At our 41st Charter Dinner on 24th October 2014, Sir Alan Langlands, the Vice-Chancellor of the University of Leeds became an Honorary Member of our club. No matter that the carpet at the entrance to the Village function room was a sort of beige and white tartan, the 2014 Headingley Rotary Club Charter Night Dinner was a red carpet occasion, and many of the Leeds Rotary glitterati were in attendance!
Among the total of 81 attendees were guest of honour, Sir Alan Langlands, Vice Chancellor of the University of Leeds, and representatives of other Rotary clubs in the area. Amongst these was a stuffed polar bear, sitting quietly at a table waiting to be fed. Later, Sir Alan later offered to shoot it should it become necessary, since he had been briefed on the procedure by the University’s former Dean of Environmental Studies, now first woman Director of the Arctic Survey. Thankfully, the bear showed no signs of aggression, remaining passive and even taciturn throughout.
President, Chris Walbank, welcomed everyone and then presented Sir Alan, detailing our guest’s many distinctions. Chris went on to describe the various interests and projects of Rotary in general and those in which the Headingley Club is involved in particular, notably the Sylvia Wright
Trust. He stressed, too, the enjoyment which members get, not only from their philanthropy, but also from the fellowship offered by the Club, and finally he hoped that the new relationship with the University might bring us new members of both sexes.
Former President, Fred Archenhold, initiated the inauguration of Sir Alan Langlands as an honorary member of the Club, describing its many connections with the University, including the fact that 16 existing members had been either alumni or staff at one time or another and that several members had been wardens of the Club’s spiritual and gastronomic home of Devonshire Hall.
President Chris then welcomed Sir Alan to the Club and to the Rotary Movement world-wide, presented him with his badge and a special certificate and invited him to take an active interest in the activities of the Club.
Sir Alan began his address by questioning the advisability of a Leeds University Vice Chancellor attending a function on the Otley Road on a Friday night, considering the reputation the Otley Run has among local residents, but said that it was good to celebrate the relationship between the University and the Headingley Club. He drew attention to the similarities between the Club and the University in terms of the contributions of both to the community and explained that 3,500 of the University’s approximately 31,000 students are currently volunteering to help a total of 21 charities. 400 of these students are providing support in local primary and secondary schools as tutors and mentors. Law students are providing free legal advice, and others work with hostels for the homeless, co-ordinate sandwich runs for the hungry on the streets of Leeds, run drug information sessions in schools and have ten times visited orphanages in Romania. The University itself is the third largest employer in Leeds but has also to look outwards (it is currently corresponding with 225,000 alumni in 190 countries), and universities in general will play a part in tackling global health and developing new technologies to solve the world’s problems with water and food. Finally, Leeds University wants to do more to help students’ personal growth to enable them better to take part in the modern world. In all these, the University shares common aims with the Rotary organisation. In his closing words, President Chris thanked the Vice Chancellor, agreeing that the Club and the University share a common identity in many respects.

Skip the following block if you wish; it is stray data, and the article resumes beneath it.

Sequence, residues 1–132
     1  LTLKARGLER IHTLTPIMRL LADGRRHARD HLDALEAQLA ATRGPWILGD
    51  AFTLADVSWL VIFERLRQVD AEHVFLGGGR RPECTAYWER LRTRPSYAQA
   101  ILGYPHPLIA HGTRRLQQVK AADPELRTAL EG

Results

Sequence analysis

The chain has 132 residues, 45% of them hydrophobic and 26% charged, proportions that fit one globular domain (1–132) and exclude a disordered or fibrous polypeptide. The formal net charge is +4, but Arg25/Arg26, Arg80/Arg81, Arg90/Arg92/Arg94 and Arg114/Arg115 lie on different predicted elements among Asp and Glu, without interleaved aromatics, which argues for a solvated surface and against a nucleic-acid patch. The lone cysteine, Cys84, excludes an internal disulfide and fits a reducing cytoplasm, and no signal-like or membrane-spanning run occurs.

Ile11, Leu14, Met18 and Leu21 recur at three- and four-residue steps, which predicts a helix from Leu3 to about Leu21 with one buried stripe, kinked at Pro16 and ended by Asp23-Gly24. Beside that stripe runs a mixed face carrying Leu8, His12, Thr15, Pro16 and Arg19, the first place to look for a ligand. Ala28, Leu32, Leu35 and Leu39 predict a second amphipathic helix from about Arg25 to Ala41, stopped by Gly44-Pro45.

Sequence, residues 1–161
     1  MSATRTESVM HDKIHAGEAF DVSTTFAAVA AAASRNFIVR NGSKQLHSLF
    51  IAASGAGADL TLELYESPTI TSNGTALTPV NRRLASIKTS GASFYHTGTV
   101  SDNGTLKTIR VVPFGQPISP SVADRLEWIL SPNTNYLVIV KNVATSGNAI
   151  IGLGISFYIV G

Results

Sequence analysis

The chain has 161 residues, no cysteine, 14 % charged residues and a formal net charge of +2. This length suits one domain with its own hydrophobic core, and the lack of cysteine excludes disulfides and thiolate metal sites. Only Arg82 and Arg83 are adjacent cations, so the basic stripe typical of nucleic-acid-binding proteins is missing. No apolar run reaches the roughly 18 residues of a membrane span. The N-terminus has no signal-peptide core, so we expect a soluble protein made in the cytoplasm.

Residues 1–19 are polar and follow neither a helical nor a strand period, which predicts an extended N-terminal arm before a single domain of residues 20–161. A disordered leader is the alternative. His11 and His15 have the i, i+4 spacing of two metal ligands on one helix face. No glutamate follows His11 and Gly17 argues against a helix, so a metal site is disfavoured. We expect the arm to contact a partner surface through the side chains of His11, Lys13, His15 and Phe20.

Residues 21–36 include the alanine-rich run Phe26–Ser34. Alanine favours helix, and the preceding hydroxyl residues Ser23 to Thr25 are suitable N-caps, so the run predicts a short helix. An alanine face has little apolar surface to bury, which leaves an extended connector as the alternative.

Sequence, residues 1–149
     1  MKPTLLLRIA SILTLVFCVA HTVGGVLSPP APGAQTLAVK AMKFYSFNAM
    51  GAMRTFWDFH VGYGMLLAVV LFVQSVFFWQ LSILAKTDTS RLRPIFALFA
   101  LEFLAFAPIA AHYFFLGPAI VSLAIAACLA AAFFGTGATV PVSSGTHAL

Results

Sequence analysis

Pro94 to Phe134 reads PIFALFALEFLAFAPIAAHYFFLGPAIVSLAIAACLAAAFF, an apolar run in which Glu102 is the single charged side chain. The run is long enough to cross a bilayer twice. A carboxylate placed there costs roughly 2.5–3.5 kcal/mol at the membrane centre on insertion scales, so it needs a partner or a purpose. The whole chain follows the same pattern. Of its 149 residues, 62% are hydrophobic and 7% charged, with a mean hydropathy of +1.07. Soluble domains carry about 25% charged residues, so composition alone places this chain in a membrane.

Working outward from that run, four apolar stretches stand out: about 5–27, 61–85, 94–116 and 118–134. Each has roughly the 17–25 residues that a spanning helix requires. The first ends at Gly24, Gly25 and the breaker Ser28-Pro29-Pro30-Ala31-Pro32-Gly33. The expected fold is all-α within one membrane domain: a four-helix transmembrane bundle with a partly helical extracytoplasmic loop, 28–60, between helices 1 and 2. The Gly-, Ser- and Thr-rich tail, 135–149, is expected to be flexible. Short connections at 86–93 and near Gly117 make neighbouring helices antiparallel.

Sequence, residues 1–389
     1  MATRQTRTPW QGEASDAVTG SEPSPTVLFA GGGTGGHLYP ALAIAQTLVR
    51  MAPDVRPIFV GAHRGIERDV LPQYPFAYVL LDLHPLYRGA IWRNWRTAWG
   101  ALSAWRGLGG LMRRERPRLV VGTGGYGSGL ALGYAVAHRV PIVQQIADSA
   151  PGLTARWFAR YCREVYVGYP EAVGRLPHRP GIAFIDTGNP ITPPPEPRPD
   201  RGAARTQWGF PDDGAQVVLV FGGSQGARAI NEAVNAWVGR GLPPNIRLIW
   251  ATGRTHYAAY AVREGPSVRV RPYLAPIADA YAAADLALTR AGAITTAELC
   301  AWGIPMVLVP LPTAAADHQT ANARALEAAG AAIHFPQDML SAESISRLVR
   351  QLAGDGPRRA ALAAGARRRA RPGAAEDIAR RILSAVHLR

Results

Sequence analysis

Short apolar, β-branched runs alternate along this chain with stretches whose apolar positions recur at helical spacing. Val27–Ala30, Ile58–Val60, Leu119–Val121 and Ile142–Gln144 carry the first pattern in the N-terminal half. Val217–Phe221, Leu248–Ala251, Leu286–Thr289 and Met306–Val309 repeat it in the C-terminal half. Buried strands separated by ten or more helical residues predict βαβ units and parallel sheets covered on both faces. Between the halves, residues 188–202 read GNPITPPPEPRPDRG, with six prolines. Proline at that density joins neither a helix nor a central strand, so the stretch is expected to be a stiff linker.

As an event, the Charter Night Dinner achieved two very important things: first, it highlighted the similar approaches to the community shared by the Club and the University, and, second, it showcased for our guests the Club’s many activities. However, in addition to being so informative, and despite being our most formal event of the year, this was a very relaxed and yet lively occasion. Indeed, the man responsible for wine sales was heard to say that he’d had his best night ever. Nevertheless, rumours that, as a result, the Village is to become the starting point for a senior version of the Otley Run are still to be substantiated.